Socialist Workers Party candidates and their supporters have been joining strike picket lines and stepping up efforts in their unions and through their campaigns to build solidarity with these working-class battles. Using the Militant’s pro-labor coverage, they visit with workers on their doorsteps in cities, towns and in the countryside. They’re finding growing interest in learning about the party’s activities and political program.
Edwin Fruit, SWP candidate for Minneapolis City Council, and campaign supporters got in a discussion with Michael Pendergast in St. Paul after knocking on his door July 20. To try to make ends meet, Pendergast works two full-time jobs, one at a radio station and another as a music teacher.
Fruit described some of the labor battles today, the strike by thousands of dockworkers in Canada; Bakery union members in Memphis, Tennessee; Teamsters at the UPM Blandin paper mill in Grand Rapids, Minnesota; and the contract fight by 340,000 Teamsters union members at UPS.
“Striking is in the air,” Pendergast said. “It is serendipitous that you all came by right now, I’ve been thinking a lot lately about how can I start a union at the radio station where I work. You know when the radio carries out those regular fund drives, the workers don’t get wage increases out of that. And there is a cap on what percentage of inflation the company will compensate us for.”
“What’s needed,” said Fruit, “is for the unions to lead the fight for cost-of-living escalator clauses in every contract, so whenever prices rise our wages and benefits go up automatically. And we need a sliding scale of hours — 30 hours work for 40 hours pay — to prevent layoffs when production slows.
“Out of these struggles, we can win the unions to break from the Democrats and Republicans — the bosses’ parties — and form their own political party, a labor party based on the unions.”
Pendergast signed up for an introductory subscription to the Militant and purchased The Low Point of Labor Resistance Is Behind Us: The Socialist Workers Party Looks Forward by SWP leaders Jack Barnes, Mary-Alice Waters and Steve Clark.
In New York, Seth Galinsky, SWP candidate for City Council, and party member Willie Cotton knocked on the door of Margie Perea in the Polo Grounds Towers in Harlem July 16. Perea is a health care worker and member of Service Employees International Union Local 1199. She has worked in both nursing homes and hospitals.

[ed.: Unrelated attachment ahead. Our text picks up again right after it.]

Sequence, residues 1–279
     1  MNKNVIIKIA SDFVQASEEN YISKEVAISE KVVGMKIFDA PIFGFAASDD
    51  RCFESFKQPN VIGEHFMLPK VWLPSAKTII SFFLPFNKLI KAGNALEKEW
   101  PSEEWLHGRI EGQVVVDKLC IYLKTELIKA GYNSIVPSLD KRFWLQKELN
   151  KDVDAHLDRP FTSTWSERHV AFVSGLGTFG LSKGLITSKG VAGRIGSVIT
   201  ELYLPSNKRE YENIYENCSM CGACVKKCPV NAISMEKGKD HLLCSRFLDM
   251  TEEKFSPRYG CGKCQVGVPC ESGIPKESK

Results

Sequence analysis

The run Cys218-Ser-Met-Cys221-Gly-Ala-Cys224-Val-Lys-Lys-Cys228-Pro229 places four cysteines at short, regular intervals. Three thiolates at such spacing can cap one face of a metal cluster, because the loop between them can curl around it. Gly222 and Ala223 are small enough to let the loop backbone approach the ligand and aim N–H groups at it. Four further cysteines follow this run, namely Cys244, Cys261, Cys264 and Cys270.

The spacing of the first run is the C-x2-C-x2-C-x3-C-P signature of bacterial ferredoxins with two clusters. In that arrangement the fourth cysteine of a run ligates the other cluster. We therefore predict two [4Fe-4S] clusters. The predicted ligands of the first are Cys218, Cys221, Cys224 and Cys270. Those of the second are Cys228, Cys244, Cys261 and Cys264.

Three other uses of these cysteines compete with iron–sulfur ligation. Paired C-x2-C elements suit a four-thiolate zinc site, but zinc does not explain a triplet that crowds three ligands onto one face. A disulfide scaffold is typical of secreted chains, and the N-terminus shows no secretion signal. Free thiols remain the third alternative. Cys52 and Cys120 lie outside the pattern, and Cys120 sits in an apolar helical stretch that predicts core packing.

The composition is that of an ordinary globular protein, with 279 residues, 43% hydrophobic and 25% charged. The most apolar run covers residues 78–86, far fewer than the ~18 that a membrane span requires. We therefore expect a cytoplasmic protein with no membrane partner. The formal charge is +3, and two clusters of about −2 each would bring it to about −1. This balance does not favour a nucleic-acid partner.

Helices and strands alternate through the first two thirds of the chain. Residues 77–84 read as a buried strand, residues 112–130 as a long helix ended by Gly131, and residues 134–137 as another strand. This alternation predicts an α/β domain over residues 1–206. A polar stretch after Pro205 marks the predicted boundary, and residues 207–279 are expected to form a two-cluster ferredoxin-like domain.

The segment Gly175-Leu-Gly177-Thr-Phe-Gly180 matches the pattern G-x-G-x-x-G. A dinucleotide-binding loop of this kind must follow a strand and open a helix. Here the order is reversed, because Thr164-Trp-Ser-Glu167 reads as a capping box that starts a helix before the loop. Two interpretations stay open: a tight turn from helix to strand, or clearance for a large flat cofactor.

Cotton and Galinsky spoke about how the deepening capitalist economic crisis today makes it harder for young people to start and maintain a family, forcing many in their 20s and even 30s to keep living at home. “That’s like me!” Perea said. “My daughter is still living with me.”
She said she was concerned about the growing numbers of homeless and immigrant workers. “It’s not fair that all these immigrants get all kinds of government help, food and housing, but we have homeless right here in New York who aren’t getting the help they need.” She was referring to the latest wave of immigration to the U.S., which includes more than 50,000 who’ve been sent to New York over the past year. The city government has put them up free in shelters and provided meals, but few have been given work permits.
“One of the ways the capitalist class divides us is to try to get us to blame other workers for the problems we face,” Galinsky said. “The fact is the bosses want more immigrants here, to increase competition for jobs. But they prefer that these workers don’t have papers so they can pay them less and use that to push down everyone’s wages.”
“I’m not against immigrants, but something has to be done,” Perea said.
“We’re for amnesty for all immigrants who are in the U.S.,” Galinsky said. “The unions should say, whether you have papers or not, join the union, let’s fight together for better wages and conditions for all workers.”
Perea bought The Low Point of Labor Resistance Is Behind Us to learn more, and said she will show it around to her co-workers.
The SWP is running candidates all across the country. Join in campaigning with them! See the list of party campaign offices.